Bust an Infertility Myth: Miscarriages Are Real Losses…
… and they aren’t “just for the best”.
I’ve been thinking of what infertility myth I want to bust, there are so many of them it’s been hard to choose. In the end I decided to pick one I know well, one that is close to my heart (though “just relax” came a close second because I’m pretty sure if I have amenorrhea and I’m not ovulating then I won’t get pregnant, no matter how un-stressed about it I am – but that is for another post).
Anyway, I decided that I want to talk about the refusal of society to validate miscarriages as legitimate losses that deserve to be recognized because that attitude caused me a lot of pain and suffering after my loss. (Maybe this isn’t an actual “myth” but I felt it should be addressed). I can’t tell you how many people said things to me that not only belittled or devalued my loss as insignificant but also urged me to see the bright side and move on. I would list these things people said but we already know what they are.
Everyone tells me to think positive thoughts and don’t worry, you’ll get pregnant. I feel like every time they say that I die a little inside.*
Everyone deals with the tragedy of miscarriage in different ways. For many women it is a deeply personal pain that they share only with very close friends and family, if anyone at all. Others are forced to acknowledge their loss because they had announced their pregnancy and now need to “un-announce” it. Then there are those like me, who need desperately to talk about it, and are devastated when no one is willing to do so.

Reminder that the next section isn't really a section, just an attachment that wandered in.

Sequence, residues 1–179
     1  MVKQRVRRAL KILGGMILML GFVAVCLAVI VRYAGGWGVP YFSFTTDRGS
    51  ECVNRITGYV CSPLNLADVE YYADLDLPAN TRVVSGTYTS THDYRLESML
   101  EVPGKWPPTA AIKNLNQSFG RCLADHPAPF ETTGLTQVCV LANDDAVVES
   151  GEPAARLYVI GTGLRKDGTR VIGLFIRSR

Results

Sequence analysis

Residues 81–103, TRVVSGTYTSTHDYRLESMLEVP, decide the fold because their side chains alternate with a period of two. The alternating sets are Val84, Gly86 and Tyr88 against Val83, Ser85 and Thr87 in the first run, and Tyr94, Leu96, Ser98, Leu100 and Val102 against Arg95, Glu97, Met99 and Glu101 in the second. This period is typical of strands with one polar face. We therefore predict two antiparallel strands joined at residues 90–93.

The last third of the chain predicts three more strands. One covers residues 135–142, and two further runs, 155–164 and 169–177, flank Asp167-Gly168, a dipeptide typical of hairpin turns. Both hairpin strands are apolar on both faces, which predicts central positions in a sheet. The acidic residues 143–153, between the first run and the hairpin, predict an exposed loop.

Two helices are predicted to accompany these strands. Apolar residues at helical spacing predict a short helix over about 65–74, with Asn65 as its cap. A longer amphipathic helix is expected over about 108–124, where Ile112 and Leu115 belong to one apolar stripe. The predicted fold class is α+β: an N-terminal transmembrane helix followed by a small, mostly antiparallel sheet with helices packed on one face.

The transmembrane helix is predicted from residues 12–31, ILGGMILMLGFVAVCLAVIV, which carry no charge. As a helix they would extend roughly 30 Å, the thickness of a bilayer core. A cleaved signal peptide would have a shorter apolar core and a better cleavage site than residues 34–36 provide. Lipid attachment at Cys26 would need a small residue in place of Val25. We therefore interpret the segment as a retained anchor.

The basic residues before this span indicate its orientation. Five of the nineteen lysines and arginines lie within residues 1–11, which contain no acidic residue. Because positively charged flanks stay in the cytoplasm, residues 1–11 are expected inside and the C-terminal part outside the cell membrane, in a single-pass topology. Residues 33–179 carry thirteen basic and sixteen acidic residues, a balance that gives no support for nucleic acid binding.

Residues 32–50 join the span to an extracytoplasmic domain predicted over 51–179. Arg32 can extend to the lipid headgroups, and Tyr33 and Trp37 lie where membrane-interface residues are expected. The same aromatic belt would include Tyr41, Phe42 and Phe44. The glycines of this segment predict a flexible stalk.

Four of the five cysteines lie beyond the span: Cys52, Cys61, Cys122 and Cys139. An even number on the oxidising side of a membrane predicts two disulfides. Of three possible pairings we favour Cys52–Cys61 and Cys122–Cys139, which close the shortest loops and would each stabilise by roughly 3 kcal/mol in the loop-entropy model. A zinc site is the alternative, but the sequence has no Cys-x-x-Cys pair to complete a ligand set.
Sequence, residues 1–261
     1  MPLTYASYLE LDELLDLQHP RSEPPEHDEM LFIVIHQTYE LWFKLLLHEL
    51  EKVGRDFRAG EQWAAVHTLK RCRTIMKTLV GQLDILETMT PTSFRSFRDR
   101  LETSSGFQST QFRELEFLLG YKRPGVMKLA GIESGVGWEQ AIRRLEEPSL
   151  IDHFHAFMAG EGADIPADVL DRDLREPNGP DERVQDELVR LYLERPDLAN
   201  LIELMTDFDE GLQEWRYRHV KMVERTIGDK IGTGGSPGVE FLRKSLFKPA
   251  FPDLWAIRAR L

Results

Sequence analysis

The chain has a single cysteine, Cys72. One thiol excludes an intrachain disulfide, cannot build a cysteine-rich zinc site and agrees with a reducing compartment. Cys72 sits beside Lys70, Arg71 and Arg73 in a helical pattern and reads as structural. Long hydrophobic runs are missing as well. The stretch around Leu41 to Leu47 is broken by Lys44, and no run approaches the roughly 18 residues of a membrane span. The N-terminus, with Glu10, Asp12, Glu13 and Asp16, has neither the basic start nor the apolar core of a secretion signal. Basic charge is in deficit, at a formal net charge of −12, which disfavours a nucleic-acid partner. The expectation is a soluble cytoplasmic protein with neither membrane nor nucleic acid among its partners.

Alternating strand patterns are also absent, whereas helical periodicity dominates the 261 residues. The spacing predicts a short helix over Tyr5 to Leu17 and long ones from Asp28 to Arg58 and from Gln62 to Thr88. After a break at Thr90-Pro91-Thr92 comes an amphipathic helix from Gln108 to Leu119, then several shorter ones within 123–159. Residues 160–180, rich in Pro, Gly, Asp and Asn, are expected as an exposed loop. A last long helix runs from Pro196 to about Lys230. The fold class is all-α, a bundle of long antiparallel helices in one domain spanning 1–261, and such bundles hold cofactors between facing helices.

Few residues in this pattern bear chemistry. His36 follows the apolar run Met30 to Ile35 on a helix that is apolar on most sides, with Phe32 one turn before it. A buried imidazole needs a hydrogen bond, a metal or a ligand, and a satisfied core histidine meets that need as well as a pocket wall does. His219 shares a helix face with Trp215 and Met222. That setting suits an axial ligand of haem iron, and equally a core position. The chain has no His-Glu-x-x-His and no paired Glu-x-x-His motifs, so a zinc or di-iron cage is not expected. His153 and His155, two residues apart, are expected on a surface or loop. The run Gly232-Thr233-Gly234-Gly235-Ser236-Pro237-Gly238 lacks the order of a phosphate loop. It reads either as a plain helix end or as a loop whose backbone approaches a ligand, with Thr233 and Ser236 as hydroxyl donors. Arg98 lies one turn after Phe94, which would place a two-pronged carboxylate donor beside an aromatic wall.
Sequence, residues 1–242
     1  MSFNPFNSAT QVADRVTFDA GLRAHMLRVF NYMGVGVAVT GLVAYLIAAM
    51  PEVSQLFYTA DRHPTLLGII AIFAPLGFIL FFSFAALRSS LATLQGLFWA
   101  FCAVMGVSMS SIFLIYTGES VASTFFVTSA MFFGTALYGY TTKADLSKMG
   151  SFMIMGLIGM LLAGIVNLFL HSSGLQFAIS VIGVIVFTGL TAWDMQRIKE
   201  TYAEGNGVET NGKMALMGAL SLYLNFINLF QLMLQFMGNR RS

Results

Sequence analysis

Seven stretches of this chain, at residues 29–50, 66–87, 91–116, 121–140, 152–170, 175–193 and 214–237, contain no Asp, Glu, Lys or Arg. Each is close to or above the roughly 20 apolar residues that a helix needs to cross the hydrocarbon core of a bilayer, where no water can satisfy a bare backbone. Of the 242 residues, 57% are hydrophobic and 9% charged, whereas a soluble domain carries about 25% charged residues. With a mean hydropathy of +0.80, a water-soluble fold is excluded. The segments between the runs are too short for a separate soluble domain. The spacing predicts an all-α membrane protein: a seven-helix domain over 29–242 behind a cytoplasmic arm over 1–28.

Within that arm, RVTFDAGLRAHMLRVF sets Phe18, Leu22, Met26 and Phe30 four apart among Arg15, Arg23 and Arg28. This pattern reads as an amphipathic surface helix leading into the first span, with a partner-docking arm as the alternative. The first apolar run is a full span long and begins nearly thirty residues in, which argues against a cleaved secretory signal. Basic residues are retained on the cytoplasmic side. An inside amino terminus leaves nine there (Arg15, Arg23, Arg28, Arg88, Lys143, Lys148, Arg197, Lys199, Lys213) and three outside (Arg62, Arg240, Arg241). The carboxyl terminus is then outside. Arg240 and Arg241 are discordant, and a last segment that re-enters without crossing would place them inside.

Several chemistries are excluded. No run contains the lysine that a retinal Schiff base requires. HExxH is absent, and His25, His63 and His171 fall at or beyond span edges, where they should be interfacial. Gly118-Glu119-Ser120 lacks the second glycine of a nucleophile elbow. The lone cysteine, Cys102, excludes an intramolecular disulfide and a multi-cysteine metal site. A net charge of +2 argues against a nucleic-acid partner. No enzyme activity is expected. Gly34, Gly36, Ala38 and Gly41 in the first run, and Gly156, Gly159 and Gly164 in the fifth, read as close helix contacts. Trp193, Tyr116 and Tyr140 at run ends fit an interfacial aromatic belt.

I had a conversation with a close friend today. I’m still not sure if they all don’t think I’m crazy. I know none of them can relate…. They all think this is too much. The grief. So where does that leave me? The crazy person? The one who doesn’t know how to let go?
I recognize that part of the problem is a general avoidance by society of sickness and death. We, as a culture, hide sickness and death away in hospitals and nursing homes and we rarely mention it, let alone face it openly and honestly. When tragedy does strike we grasp at euphemisms in an attempt to express our condolences without actually speaking of the loss directly. We do this for a lot of reasons: because we’re scared of death; because we don’t have the words; because we want to say the right thing but aren’t sure what that is.